He and his wife started looking at properties. They came upon the Adagio, a six-room traditional 1890 bed-and-breakfast in downtown Denver, owned by a woman who was desperate to retire. The hotel had two living rooms, a huge dining room and a sizable outdoor patio, perfect for what Schneider had in mind. Some budget motels around Colorado were letting people get high in their rooms, but that still felt illicit, junkie-like. Schneider wanted something different.
“We insisted that our guests smoke together,” he says. “We didn’t want them to go in their rooms. You’re smoking in the living room, where you’re supposed to smoke. If you come out in your underwear at 4 in the morning, no big deal, you run into someone else doing the same thing.”
Though that seems like an odd business concept, it worked well enough at the Adagio so that Schneider was able to invest in a second property, a B&B in mountain resort town Silverthorne that had fallen on hard times. “The owners lived in the house, and they were serving frozen breakfast burritos to their guests,” he says.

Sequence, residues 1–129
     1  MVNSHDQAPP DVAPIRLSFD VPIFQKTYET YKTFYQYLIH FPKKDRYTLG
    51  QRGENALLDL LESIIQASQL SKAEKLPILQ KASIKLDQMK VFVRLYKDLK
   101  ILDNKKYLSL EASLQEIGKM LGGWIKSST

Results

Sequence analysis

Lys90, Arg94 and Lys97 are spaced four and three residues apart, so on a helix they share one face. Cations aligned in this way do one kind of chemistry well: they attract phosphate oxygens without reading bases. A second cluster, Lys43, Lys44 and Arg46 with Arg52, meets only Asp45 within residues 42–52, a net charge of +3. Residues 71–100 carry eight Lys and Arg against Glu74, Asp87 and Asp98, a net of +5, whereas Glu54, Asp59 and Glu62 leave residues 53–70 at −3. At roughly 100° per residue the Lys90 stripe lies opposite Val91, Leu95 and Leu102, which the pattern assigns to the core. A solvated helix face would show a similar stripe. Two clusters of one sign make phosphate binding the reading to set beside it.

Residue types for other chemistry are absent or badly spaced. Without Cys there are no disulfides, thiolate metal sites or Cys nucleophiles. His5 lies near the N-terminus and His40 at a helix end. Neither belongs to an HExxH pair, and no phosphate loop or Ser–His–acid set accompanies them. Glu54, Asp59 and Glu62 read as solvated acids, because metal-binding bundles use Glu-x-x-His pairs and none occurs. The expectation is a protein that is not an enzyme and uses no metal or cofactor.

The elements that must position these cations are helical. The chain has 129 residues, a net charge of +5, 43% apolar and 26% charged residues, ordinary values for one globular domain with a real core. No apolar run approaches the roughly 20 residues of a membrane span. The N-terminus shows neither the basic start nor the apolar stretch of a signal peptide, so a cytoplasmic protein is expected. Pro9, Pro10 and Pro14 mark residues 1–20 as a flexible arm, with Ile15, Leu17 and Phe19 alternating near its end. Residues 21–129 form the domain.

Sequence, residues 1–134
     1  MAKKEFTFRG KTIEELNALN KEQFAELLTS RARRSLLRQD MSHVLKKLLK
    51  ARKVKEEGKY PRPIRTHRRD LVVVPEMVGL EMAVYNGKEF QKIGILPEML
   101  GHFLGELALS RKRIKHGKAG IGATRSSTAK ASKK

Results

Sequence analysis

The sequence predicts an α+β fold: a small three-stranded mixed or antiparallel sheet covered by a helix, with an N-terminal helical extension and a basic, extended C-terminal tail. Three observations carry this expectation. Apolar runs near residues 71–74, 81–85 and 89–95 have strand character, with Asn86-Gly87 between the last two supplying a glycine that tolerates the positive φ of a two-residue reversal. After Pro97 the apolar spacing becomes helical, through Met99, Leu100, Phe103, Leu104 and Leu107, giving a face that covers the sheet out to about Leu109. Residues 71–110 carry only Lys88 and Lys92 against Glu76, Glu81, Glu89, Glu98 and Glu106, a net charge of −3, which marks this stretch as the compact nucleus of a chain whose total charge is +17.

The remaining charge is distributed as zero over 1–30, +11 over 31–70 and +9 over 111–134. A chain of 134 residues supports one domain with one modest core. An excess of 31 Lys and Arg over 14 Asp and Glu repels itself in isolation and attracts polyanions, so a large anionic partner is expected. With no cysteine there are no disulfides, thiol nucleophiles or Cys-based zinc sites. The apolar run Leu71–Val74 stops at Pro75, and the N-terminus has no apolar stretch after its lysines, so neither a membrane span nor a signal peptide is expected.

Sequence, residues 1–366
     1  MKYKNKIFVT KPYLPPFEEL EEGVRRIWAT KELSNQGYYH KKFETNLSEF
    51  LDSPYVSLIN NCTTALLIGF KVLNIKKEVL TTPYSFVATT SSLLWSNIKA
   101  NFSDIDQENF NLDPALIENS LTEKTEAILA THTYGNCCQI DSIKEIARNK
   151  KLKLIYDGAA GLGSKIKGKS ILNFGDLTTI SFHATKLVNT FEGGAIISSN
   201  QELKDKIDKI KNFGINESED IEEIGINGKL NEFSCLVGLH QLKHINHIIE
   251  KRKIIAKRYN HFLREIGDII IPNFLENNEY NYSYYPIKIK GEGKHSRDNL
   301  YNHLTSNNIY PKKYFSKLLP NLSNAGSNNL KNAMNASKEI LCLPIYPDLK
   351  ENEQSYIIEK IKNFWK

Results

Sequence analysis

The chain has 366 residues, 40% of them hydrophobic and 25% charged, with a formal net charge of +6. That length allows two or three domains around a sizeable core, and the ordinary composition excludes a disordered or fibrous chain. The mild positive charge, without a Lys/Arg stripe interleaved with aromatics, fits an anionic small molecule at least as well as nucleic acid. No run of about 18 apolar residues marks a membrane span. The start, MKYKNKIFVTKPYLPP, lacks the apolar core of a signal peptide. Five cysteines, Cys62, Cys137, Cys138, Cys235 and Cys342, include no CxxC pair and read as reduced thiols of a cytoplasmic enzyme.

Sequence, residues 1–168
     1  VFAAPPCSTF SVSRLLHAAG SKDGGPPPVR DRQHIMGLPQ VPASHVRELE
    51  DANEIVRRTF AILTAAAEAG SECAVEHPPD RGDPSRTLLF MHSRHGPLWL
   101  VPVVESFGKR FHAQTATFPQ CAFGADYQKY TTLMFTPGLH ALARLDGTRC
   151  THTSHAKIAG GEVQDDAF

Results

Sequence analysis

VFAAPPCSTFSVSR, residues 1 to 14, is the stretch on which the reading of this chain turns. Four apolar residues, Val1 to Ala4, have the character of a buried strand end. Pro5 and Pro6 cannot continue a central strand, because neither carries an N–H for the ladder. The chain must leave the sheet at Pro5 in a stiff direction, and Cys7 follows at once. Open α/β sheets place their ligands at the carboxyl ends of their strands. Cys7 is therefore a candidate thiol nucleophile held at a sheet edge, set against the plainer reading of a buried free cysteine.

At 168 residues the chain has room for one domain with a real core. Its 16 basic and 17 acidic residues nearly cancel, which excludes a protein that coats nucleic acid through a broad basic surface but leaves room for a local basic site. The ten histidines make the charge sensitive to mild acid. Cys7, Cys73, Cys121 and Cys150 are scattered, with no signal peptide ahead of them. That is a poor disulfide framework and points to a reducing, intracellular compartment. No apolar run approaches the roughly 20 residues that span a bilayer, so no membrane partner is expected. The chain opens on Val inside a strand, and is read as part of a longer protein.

Summit County has been the site of some of Colorado’s most baroque drama as the state transitions into the recreational cannabis era, but that’s not really on display in Silverthorne, which seems to have embraced the tourism. They welcomed Schneider as a legitimate neighbor. He put in new couches and carpet, as well as new beds, a gas fireplace, a pool table and flat screens in every bedroom and the upstairs living room. In a wise move, the hot tub moved from the garage to an outdoor patio. The second Bud+Breakfast started renting rooms in October.
Proper places to toke
After a disastrous investment in a marijuana-themed retreat called Cannacamp, which cost Schneider $20,000 and a bunch of embarrassing publicity when the project imploded, he went back to his core business and bought an old motel in Colorado Springs, which is now running as his third B&B property. He has many other ideas, including a series of “Ronald McDonald-like houses for cannabis, which could become an insurable product down the line,” a series of cannabis cruises and a marijuana-themed amusement park.
“I want to be the Walt Disney of cannabis,” he says, as we pass the pipe back and forth. “They’re drinking alcohol at amusement parks. They sell beer and wine. You go to Disney World, they’re selling hard alcohol at those restaurants. I remember the first time I ever went to Disney World. I was in college and, I’ll admit it, my mind was altered. The three-dimensional aspect just blew me away. You saw kids just floating. Maybe I could make that permanent. Why not? Someone’s got to do it.”